Even though time and place match almost perfectly, there are still many questions to be answered. For example: where do the submarines I-54 and I-58 fit in? We know from I-54's Tabular Record of Movement that she claimed two ships sunk during this period, but no details are available. I-58 made no claims as far as is known. Droste's account seems the confirm the involvement of a submarine, but the harbor master apparently wrote his account after the war, and there are more factual errors in his book.
And how did the survivors of Modjokerto end up at Kendari? There may be an easy answer to this question. IF it was the Japanese surface force which accounted for Modjokerto, there is a strong possibility they picked up survivors. After operations south of Java ceased, the ships returned to their staging base at Staring Bay. Both Kendari and Staring Bay are situated on Celebes's eastern peninsula, in close proximity.
I welcome more information on this subject.
: This article followes the lines of the book by K.W.L Bezemer about the history of the Dutch merchant fleet during World War II "Geschiedenis van de Nederlandse Koopvaardij in de Tweede Wereldoorlog", volume 1.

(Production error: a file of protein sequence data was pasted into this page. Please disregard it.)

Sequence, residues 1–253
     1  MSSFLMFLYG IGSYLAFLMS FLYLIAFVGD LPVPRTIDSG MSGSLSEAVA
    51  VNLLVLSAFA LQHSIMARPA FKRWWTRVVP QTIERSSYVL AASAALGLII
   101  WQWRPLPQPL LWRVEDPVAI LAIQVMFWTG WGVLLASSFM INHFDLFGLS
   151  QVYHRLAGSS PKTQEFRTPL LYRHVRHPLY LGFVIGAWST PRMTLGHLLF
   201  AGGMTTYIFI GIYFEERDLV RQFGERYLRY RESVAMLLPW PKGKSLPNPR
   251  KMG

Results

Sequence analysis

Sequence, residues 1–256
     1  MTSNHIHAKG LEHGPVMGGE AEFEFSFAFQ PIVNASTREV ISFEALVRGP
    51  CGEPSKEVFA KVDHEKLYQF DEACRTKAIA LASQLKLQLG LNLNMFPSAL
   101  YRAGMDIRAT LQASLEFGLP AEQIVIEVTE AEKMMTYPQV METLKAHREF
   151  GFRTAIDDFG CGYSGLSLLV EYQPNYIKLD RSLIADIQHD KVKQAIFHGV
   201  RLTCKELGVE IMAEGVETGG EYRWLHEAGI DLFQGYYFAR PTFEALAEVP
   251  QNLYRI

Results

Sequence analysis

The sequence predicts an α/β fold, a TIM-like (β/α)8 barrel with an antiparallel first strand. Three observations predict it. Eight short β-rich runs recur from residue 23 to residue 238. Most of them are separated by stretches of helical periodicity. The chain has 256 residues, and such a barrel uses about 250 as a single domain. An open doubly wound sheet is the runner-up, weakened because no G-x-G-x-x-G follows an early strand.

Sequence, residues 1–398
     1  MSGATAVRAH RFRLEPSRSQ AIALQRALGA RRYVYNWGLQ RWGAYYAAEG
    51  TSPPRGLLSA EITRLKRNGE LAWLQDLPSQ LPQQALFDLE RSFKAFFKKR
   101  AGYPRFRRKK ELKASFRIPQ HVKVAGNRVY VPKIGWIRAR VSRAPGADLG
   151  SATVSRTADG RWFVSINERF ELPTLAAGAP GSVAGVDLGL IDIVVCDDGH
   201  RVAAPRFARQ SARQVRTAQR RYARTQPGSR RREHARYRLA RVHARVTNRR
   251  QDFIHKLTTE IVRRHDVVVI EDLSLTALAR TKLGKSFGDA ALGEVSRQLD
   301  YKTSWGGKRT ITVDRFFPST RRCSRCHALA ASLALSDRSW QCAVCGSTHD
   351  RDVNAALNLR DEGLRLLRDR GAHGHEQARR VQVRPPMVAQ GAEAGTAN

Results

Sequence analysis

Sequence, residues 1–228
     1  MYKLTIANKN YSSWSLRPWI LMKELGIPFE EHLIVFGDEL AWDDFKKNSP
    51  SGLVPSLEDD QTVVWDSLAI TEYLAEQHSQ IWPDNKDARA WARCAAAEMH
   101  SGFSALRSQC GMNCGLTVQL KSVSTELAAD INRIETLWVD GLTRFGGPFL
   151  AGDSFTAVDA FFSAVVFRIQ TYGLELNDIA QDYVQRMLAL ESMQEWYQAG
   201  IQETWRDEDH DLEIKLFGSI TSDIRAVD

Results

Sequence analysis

: This time is also mentioned in Lloyd's war losses. The signal "chased by an aircraft" is time at 0940 (Z). Perhaps this signal was not picked up by the Siantar and the other Dutch ships?
: As far as I know, Dutch ships used Zone times. In this particular case, the area in question lies between the meridians of GMT+7,5 and GMT+8. Japanese warships used GMT+9 regardless of their geographic position at this stage of the war, which will account for the one-hour difference between Tokyo Time and Z ("Zulu") time.
: This book is called "Tot Betere Dagen" by C.B. Droste, published in Amsterdam in 1946. Unfortunately, I haven't had the opportunity to read it myself. The information from this source is used in Bezemer's book.
: Bezemer "Koopvaardij".
: Information from the Oorlogsgraven Stichting (www.ogs.nl)
: I assume the times in Lacroix and Wells are Tokyo Times, GMT+9 (1125 Tokyo Time translates to 1025 "Z"-time)
: Also present in the area were Battleship Division 3 (BB Hiei and Kirishima) with elements of DesRon 1, but these did not open fire. The Tabular Record of Movement for the destroyers Shiranui and Kasumi, available at the Combinedfleet.com website mention their involvement in this case. How they exactly fit in is unclear. Perhaps they picked up survivors?
K.W.L. Bezemer "Geschiedenis van de Nederlandse Koopvaardij in de Tweede Wereldoorlog", volume 1
L.L. von Münching "De Nederlandse Koopvaardijvloot in de Tweede Wereldoorlog", volume 1
Tabular Records of Movement available at Combinedfleet.com
Thanks to Tony Tully and Thomas Weis for supplying information.